Resolution: 1080p
Aspect ratio: 1.33:1
Original aspect ratio: 1.33:1

Audio
English: DTS-HD Master Audio 2.0 Mono (48kHz, 24-bit)

Subtitles
English SDH

Discs
Blu-ray Disc
Two-disc set (1 BD-25, 1 BD-50)

Playback
2K Blu-ray: Region free

The people at Warner Bros. surely wanted to freak buyers out.

Having viewed the first episode the other night, the most telling difference I spotted right from the start was that V: The Final Battle’s footage did not fill the entire screen of our HDTV at home. In fact, what was presented was a more squarish image with black borders on both sides. This is because the sequel was formatted with an aspect ratio of 1.33:1. Having seen V: The Original Miniseries Blu-ray with its widescreen imagery (aspect ratio of 1.85:1), I found the sequel’s 1.33:1 Blu-ray look not only weird (note: I still remember that TV imagery in the 1980s were more squarish than widescreen) but somehow less immersive on our HDTV. Regardless, I still had fun and engagement replaying V: The Final Battle’s first episode. The picture quality, so far, looks good and the colors look more vibrant than ever. As for the extra stuff, there is really not much here to satisfy fans of the sequel as the Blu-ray comes only with network teasers. If you are looking for behind-scenes stuff or interviews with the cast, you will be disappointed. How is the overall quality and fun of V: The Final Battle as a whole? That will be revealed in a future review.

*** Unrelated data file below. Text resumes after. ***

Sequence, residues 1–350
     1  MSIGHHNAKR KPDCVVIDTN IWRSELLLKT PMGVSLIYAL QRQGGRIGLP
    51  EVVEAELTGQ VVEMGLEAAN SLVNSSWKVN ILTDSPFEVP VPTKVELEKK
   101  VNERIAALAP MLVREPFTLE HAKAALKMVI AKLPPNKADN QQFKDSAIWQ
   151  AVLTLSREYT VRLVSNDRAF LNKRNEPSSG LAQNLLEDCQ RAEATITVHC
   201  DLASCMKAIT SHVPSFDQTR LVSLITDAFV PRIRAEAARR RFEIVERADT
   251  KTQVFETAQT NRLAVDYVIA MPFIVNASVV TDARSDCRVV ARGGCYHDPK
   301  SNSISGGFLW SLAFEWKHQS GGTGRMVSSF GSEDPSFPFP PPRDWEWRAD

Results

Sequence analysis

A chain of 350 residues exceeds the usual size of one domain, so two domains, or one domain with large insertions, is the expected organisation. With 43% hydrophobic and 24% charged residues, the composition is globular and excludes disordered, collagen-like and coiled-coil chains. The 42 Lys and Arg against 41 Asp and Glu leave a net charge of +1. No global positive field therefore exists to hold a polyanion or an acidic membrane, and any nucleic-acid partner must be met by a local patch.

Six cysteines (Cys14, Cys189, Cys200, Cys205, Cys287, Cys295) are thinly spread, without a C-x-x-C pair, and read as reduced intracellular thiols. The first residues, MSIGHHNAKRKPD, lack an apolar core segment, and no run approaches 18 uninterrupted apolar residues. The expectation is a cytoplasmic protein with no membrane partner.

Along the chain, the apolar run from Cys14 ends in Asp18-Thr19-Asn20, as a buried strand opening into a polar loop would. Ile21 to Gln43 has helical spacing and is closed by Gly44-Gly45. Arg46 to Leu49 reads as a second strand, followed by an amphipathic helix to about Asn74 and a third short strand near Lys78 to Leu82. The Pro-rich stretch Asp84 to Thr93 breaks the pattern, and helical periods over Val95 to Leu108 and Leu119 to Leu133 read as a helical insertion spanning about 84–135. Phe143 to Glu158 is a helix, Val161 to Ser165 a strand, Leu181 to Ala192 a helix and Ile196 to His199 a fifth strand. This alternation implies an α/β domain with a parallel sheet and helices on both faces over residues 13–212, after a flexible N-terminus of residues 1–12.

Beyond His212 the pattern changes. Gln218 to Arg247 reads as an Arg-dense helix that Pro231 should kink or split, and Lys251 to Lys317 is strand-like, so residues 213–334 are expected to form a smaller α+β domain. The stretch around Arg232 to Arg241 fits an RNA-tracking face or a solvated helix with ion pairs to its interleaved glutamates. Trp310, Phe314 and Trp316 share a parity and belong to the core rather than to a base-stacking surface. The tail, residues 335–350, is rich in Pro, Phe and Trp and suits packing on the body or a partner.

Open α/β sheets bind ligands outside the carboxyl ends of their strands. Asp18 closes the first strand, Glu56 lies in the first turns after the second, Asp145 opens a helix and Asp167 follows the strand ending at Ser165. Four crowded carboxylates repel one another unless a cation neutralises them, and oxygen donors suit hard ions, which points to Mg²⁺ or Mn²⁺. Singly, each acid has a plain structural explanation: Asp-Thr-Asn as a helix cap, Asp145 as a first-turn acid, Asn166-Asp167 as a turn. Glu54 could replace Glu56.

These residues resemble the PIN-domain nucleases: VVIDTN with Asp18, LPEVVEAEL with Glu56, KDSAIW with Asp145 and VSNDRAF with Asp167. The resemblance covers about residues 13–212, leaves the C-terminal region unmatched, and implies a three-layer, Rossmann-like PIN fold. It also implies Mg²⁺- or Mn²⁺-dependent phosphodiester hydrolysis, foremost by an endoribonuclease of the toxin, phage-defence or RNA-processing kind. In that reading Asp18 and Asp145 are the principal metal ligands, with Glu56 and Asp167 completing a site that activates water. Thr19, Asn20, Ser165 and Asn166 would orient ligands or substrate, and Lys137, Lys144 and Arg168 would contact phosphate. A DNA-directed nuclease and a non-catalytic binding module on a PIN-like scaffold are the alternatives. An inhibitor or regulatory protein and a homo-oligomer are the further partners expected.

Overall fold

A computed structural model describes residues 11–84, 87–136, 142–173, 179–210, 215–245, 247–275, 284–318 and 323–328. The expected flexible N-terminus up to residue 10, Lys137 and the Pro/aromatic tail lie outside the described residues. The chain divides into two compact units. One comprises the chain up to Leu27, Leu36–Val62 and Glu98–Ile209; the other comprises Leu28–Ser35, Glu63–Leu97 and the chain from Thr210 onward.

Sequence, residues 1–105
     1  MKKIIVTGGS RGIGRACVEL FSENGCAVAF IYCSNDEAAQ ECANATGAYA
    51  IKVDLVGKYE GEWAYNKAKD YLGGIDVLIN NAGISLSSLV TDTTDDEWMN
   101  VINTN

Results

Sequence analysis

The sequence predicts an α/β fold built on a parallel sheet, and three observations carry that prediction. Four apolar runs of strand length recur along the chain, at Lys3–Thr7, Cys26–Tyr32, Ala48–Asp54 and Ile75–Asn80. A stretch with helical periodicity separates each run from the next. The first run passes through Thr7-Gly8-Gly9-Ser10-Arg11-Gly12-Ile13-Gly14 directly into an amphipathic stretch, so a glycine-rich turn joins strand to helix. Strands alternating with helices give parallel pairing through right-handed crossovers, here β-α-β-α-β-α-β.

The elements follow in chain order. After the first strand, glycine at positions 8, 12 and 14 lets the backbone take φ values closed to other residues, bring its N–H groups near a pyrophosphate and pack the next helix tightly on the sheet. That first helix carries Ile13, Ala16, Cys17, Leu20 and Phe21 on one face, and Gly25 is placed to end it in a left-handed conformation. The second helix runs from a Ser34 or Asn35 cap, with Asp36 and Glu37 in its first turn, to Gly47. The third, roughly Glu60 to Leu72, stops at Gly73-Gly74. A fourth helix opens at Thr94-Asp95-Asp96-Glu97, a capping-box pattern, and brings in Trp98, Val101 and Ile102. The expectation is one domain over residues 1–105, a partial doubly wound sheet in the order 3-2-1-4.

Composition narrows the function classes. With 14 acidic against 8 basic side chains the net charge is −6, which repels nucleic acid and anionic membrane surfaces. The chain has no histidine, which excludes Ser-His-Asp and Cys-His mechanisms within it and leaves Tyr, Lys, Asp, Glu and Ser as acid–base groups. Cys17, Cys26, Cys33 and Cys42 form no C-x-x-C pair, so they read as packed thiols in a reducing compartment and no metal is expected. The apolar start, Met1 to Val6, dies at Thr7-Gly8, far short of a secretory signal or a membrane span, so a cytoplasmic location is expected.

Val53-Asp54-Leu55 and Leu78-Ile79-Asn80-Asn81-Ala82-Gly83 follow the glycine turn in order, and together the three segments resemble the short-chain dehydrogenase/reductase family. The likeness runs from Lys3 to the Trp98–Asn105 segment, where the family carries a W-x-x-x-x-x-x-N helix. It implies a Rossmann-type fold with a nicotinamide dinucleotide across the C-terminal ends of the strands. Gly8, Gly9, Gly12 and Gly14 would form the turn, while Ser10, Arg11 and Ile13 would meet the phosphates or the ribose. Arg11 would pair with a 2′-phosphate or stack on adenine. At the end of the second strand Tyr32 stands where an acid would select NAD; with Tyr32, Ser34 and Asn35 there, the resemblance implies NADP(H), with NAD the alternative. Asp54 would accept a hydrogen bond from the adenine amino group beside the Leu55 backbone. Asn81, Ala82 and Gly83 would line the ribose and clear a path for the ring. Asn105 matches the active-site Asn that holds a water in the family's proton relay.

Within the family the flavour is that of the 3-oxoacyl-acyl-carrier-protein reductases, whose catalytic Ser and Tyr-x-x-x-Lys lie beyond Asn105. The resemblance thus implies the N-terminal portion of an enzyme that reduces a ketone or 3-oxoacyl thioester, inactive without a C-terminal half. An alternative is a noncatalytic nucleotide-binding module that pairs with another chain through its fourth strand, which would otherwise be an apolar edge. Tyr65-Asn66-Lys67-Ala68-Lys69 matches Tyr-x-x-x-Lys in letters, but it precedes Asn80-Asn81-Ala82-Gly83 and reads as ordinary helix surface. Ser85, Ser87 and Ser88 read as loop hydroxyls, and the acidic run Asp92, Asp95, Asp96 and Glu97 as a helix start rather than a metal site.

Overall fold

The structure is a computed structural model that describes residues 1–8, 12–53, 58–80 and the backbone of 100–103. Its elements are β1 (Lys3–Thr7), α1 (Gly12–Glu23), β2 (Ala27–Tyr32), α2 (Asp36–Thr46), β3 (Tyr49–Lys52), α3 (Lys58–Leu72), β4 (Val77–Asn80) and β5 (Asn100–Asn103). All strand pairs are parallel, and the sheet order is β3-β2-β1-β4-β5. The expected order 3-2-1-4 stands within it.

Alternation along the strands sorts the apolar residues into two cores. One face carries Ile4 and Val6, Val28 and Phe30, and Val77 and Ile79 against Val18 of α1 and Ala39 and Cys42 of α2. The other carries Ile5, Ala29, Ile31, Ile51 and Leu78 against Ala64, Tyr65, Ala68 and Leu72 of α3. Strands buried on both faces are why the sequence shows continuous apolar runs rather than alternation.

If you are a long-time V fan, or if you are looking for gems of the science fiction genre, or if you are looking for the standout entertainment properties of the 1980s to add to your Blu-ray collection, be aware that you can order V: The Final Battle Blu-ray online by clicking here.